Thursday, 14 August 2003 - 3:06pm |
Auckland City

Positive results cheer District Commander

3 min read

Auckland City Police say there’s good reason to celebrate positive results in the 2002-03 fiscal year statistics released today.

District Commander, Superintendent Howard Broad, said he was pleased with the turnaround on the previous year’s results.

&#34While total recorded crime for the district increased by two percent, once the annual population growth of 1.6 per cent and a large number of crimes recorded as a result of proactive Police work have been factored out, the City’s crime rate has dropped substantially,&#34 Mr Broad said.

&#34One of the most heartening signs of the results of proactive policing is the five per cent increase in clearances of crime.

&#34Most of these clearances were due to successful prosecutions for violent offending, dishonesty and, notably, detection of bail breaches (358 to 764, up 113 per cent) and by-law breaches. The latter mostly related to the inner city liquor ban (122 to 563 up 361per cent).&#34


Crimes in the violence category fell by one per cent. Homicides dropped from eight to five. Grievous assaults - those involving serious injury -- dropped by one per cent, in line with the overall trends.

There were marked declines in serious and minor assaults -- down by 10 and 11per cent respectively.

&#34There were 309 fewer victims of those types of assault,&#34 Mr Broad said. &#34The drop occurred across the district and I believe the district’s work with licensees around the CBD, combined with the liquor ban, is having an effect in the CBD and in people’s homes.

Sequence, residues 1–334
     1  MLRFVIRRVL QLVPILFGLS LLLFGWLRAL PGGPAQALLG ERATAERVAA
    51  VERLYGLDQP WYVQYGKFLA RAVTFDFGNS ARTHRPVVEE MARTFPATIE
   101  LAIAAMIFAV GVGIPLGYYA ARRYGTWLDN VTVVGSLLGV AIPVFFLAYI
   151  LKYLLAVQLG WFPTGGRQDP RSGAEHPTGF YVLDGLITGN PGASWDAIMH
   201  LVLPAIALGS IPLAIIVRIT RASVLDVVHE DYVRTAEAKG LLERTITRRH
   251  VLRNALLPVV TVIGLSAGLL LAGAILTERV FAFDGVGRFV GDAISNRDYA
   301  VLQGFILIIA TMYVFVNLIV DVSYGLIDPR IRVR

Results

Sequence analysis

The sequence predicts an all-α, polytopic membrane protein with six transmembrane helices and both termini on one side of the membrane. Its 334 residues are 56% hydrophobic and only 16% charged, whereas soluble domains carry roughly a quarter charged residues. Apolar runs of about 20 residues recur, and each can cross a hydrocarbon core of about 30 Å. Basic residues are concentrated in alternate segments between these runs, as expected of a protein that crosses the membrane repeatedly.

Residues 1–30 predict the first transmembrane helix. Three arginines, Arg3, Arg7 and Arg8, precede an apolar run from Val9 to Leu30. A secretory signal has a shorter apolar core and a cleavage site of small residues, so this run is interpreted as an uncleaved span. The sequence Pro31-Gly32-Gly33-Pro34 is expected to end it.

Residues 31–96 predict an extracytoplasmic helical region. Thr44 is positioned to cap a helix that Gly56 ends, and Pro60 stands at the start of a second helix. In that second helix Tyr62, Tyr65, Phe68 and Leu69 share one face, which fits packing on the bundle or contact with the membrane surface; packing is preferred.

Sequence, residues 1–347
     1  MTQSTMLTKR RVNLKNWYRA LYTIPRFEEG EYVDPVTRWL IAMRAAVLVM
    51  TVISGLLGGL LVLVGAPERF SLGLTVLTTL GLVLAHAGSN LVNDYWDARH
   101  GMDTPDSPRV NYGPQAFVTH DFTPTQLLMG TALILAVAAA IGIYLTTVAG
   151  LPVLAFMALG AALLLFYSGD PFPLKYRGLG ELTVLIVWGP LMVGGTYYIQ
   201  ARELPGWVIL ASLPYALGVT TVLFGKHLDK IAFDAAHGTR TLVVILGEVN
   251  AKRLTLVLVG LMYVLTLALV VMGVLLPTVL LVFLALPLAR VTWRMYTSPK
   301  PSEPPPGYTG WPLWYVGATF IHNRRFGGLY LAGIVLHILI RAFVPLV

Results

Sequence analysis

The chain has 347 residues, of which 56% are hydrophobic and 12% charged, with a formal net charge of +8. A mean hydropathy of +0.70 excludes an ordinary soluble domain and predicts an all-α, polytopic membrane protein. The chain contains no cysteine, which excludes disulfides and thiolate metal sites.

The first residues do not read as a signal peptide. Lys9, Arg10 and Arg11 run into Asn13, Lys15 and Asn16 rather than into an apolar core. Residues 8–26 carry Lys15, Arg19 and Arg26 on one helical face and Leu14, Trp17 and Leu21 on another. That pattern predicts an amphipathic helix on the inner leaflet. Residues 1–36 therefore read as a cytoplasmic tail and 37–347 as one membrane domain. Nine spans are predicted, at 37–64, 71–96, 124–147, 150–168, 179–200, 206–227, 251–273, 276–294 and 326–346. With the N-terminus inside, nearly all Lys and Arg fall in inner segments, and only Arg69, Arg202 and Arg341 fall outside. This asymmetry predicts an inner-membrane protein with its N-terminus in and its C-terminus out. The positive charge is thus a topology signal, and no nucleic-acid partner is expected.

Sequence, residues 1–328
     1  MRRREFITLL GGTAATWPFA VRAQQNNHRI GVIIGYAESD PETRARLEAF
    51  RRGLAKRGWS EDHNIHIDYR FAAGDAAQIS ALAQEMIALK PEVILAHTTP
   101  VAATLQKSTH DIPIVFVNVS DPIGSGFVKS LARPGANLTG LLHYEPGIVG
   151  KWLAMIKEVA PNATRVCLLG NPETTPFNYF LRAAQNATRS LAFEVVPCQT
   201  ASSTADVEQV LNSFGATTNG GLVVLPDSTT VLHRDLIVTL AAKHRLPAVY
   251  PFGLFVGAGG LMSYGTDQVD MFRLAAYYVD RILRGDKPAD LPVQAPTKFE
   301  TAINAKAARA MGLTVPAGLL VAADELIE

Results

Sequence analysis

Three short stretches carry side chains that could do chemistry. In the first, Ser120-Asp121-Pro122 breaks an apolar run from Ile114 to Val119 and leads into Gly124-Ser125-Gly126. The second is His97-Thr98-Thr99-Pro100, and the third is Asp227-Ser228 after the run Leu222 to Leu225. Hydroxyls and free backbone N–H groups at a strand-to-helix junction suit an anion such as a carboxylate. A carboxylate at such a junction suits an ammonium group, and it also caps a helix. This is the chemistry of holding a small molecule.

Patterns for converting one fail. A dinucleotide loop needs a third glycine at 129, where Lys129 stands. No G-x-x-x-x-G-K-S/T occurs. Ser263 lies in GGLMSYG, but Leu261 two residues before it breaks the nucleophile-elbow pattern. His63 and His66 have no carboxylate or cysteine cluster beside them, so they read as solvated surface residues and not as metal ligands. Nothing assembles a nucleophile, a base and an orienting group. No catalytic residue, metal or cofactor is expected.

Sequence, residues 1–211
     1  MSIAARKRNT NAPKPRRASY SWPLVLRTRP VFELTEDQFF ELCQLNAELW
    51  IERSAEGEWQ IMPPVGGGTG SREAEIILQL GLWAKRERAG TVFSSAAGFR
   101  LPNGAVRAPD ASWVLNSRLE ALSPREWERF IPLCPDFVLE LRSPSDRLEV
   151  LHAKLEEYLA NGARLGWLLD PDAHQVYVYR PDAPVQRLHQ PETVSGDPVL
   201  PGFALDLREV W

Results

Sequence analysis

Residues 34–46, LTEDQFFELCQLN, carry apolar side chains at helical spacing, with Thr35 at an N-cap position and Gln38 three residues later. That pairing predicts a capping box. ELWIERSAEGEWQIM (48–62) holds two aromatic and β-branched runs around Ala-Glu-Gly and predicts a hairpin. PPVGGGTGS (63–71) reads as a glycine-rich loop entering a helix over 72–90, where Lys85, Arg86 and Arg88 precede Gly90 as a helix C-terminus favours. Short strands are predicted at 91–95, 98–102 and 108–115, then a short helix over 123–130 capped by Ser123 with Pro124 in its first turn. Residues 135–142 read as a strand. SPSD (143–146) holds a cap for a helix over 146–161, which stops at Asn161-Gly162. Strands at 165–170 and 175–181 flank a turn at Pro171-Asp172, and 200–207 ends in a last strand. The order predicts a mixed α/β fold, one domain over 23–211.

&#34It’s pleasing to see these policies are working and it has to be said that the very positive work undertaken by the Auckland City Council during the past year has been an integral part of the success.&#34

Five per cent more violent offences were resolved in the 2002/03 year than in the preceding one.

&#34Our intelligence led policing, targeted patrols - around places, events and times of high risk -- ensure our resources are used effectively and are tactics supported by the staff,&#34 Mr Broad said.

He said the main areas requiring attention were in the kidnapping/abduction (up 23 to 41 offences) category, intimidations/threats (up by 246 offences or 11 per cent) and the increase in robbery (eight per cent - increase of 32 offences).

&#34We are building our responsiveness to a number of minority communities and we believe this will result in crime reductions in the coming years.

&#34In the current financial year we will continue to focus on alcohol, methamphetamine, and high risk offenders and victims.&#34

Sexual Crimes

There were six per cent more crimes in this category, which Mr Broad attributes to increases in offending related to prostitution which were detected before the law change and as part of operations targeting other offences. Without these records the category would have declined by more than four per cent.


The dishonesty category was massively skewed to the tune of four per cent by two offenders who, between them, accounted for 1,200 individual fraud offences. Burglary reports were held to the previous year’s level and car conversion fell by nine per cent. Thefts dropped by three per cent and thefts from cars were a major contributor to this result, declining 11 per cent.

&#34I am particularly pleased about the car crime result,&#34 Mr Broad said.
&#34A number of factors have contributed, including the intelligence-led approach to hotspot locations -- particularly carparks about the central city.

&#34Our work with young people late at night in the CBD is also having a positive effect, and the crack down on alcohol abuse in and around the city also appears to be having a positive influence on car crime.

&#34We cannot ignore the continued targeting of drinking drivers in and around the CBD over the last year which is also a major deterrent to car thieves.&#34